Lewis Culture: An Uncivil War of Words

The letters page of the ‘Stornoway Gazette’ was always something of a curiosity to me. I remember thinking many times that it was pointless to air debates about religious matters as both sides traded Biblical texts in an entrenched war of words. It managed, somehow, to be strongly-worded without – often, anyway – becoming offensive. People could have a debate about the things which separated them, and then change the subject back to the things which unified them.

Now, however, people get offended so easily. Which would be fine, if they didn’t then act as though being offended is a terminal illness. My advice if something offends you, is this: ride it out, bottle it up and wait; because as parents up and down the land used to say before the thought police put an end to such child cruelty, you’ll soon be given something to really cry about.

Using much the same logic as I once did, the editor of the ‘Gazette’ has decided not to allow any further letters on matters of faith.  I have some sympathy with her motives because, I’m guessing, she has given up hope of moving the debate on. It has probably become tedious, repetitive and circular, to her way of thinking, and liable to scunner the readership.

Unless my memory is playing tricks on me, though, the correspondence page of that newspaper used to have a great deal more religious content. I am tempted to say that the letters provided the only really lively content in the whole publication. People would read them and roll their eyes, or read them and have a healthy discussion over the dinner table, or just skip past them to the obituaries; but they didn’t cause the ripples any kind of faith-based debate seems to be causing in Lewis at the moment.

While the ‘Gazette’ circulation is nothing like it used to be, with the paper now being local in name only, it was at least available as a forum for sharing and debating anything which islanders cared about enough. Once an editor starts censoring the permitted topics for correspondence, however, I think we have to accept that the tide of intolerance is indeed lapping at our feet.

We have sleepwalked towards this state of affairs. What was once a mild and usually polite disagreement has become something unpleasant. Anything that has the merest hint of Christianity about it is sneered at as ‘Wee Free’ bigotry. The critics of ‘What The Church Has Done To Lewis’ (no, I don’t know either) are so well-informed that they don’t know what any of us believes, nor what it means to be a Christian, though they are quick to flag any  apparent lapses in ‘true Christian’ behaviour.

They pride themselves on their commitment to truth and are rigorous in applying their own belief system to everything they do. And, yes, they do have a belief system. It even appears as though they are following a pseudo-presbyterian leadership structure, with their agenda driven by anyone who has internet access.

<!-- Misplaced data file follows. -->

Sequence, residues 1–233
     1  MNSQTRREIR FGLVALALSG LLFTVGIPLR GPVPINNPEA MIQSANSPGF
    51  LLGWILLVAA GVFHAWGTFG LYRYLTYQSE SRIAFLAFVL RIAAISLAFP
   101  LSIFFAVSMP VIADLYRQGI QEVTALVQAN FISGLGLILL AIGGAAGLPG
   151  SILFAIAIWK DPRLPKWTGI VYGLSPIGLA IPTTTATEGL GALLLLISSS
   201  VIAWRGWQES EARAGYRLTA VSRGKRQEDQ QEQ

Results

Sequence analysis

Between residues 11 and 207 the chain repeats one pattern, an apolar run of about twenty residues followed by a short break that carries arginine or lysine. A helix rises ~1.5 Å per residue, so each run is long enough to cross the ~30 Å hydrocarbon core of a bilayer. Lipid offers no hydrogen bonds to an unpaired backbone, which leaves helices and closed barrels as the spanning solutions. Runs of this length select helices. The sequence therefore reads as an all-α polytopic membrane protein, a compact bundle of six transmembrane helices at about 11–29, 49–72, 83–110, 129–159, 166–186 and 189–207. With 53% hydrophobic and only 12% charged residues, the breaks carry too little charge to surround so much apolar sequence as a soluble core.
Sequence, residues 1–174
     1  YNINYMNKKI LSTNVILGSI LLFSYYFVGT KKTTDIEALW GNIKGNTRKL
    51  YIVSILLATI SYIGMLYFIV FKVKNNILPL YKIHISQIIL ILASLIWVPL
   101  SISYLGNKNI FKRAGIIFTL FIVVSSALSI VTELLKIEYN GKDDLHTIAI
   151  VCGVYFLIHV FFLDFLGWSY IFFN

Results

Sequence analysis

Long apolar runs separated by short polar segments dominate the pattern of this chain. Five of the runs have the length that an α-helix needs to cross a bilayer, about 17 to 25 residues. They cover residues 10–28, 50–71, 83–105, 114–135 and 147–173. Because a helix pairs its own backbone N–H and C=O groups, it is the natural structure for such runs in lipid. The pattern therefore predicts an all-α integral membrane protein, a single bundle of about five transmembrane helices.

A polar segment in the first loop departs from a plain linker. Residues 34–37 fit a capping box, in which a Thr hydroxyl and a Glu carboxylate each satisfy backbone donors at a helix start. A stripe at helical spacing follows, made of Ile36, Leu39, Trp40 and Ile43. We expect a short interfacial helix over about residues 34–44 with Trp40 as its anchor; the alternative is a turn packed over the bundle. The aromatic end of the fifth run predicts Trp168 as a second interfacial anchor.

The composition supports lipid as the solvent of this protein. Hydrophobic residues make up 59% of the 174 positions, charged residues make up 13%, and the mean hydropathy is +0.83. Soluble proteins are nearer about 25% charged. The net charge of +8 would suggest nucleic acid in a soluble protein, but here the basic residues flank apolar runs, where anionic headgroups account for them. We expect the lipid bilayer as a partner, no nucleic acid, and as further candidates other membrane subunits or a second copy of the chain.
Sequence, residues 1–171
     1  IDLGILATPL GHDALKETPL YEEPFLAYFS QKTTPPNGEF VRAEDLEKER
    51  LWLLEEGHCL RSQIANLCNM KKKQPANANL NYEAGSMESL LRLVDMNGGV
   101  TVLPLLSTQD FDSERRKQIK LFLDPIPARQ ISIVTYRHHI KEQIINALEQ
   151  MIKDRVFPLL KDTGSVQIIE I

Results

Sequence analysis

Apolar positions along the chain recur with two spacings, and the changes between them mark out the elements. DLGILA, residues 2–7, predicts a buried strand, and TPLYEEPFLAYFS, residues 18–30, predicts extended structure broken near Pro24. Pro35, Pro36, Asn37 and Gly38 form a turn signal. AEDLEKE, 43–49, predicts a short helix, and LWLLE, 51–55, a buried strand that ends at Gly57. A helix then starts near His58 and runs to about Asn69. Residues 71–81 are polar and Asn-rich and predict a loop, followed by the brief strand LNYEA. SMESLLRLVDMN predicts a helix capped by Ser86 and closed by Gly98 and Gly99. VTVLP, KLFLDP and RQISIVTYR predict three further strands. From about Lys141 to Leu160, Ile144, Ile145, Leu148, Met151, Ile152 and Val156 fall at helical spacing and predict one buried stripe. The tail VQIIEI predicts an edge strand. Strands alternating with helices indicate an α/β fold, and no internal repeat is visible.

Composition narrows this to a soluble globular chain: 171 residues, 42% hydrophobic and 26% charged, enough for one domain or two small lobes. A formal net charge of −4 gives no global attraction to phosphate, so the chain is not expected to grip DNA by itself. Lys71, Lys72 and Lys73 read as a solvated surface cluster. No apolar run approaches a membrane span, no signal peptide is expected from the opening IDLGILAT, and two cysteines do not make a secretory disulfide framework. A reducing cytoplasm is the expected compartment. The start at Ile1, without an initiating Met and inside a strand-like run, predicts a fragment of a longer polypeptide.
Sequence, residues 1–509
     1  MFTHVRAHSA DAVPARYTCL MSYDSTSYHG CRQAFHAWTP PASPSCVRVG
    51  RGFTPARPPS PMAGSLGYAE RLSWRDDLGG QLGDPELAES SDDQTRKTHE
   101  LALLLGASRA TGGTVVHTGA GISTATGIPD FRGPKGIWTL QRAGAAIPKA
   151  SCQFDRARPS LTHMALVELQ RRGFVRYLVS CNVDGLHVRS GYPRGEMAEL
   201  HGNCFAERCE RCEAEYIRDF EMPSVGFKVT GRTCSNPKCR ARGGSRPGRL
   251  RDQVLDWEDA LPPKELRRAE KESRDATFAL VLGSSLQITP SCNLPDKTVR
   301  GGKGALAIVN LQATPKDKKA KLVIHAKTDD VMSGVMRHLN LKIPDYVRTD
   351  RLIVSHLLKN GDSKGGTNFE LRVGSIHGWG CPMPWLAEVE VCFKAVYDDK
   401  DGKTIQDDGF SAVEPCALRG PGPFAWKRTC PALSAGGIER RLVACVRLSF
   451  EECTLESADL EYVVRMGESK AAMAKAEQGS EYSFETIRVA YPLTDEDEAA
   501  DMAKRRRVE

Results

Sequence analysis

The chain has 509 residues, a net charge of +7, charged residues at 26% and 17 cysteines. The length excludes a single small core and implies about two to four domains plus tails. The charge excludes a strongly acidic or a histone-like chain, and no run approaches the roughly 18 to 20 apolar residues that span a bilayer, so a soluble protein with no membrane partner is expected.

However, if they would permit me one wee piece of advice, I’d say: don’t let your leaders in Glasgow and Edinburgh dictate how you interact with your local community. Like it or not, they are patronising the secularists from the sticks, and assuming that you can’t handle things on your own patch without them. Say what you like about us Wee Frees, but at least we do our own oppressing, and rarely get the Moderator involved.

It is from this kind of outside interference that we get the sort of poorly researched nonsense which insists that Lewis is in thrall to the Calvinist patriarchy. What I don’t understand is why none of the local chapter of secularists is offended by suggestions that this is a community without the capability of original thought or, indeed, sincere belief. Where, in the midst of all their supposed care for the Western Isles, is the one dissenting voice that will oppose these kinds of slurs? Why is ‘brainwashing’ by the church so offensive, but the secular mantra of, ‘there is no such thing as Lewis culture’ goes unopposed from within their own ranks?

I’ll tell you why. The de-localising of culture in Lewis, the nay-saying and the outside interference from those who will not have to live with the consequences of their meddling is part of a wider stategy. You see, Christianity has informed and shaped these communities for so long that it is fused to the local way of life. And no, I am not claiming that every Lewis person is a Christian, nor even that every Lewis person is a churchgoer. Sadly, there are those in every generation who decide that the truth of the Gospel is not for them. But it has influenced them, because it has helped make this island what it is.

Generations of self-styled island atheists have talked of Christianity as a foreign creed and of the Bible as a hotchpotch of Middle Eastern fairytales. ‘Fragments of the philosophy of Geneva’ was how the poet, Derick Thomson derided the sort of Calvinism which his home island embraced. They despised what they saw as alien intrusion into Gaelic culture.

Which of them, now, will call for the tone of debate to change? Who among them is truthful enough to say that this is a conversation that can continue in a civil manner between believers and unbelievers in Lewis, just as it always has – robust, but never strident.

I think that the ‘Stornoway Gazette’ has made a mistake. If this debate is going to be played out only on social media, directed by the scions of the National Secular Society, what, then, of local culture? Who will speak up for it against malign and alien influence now?

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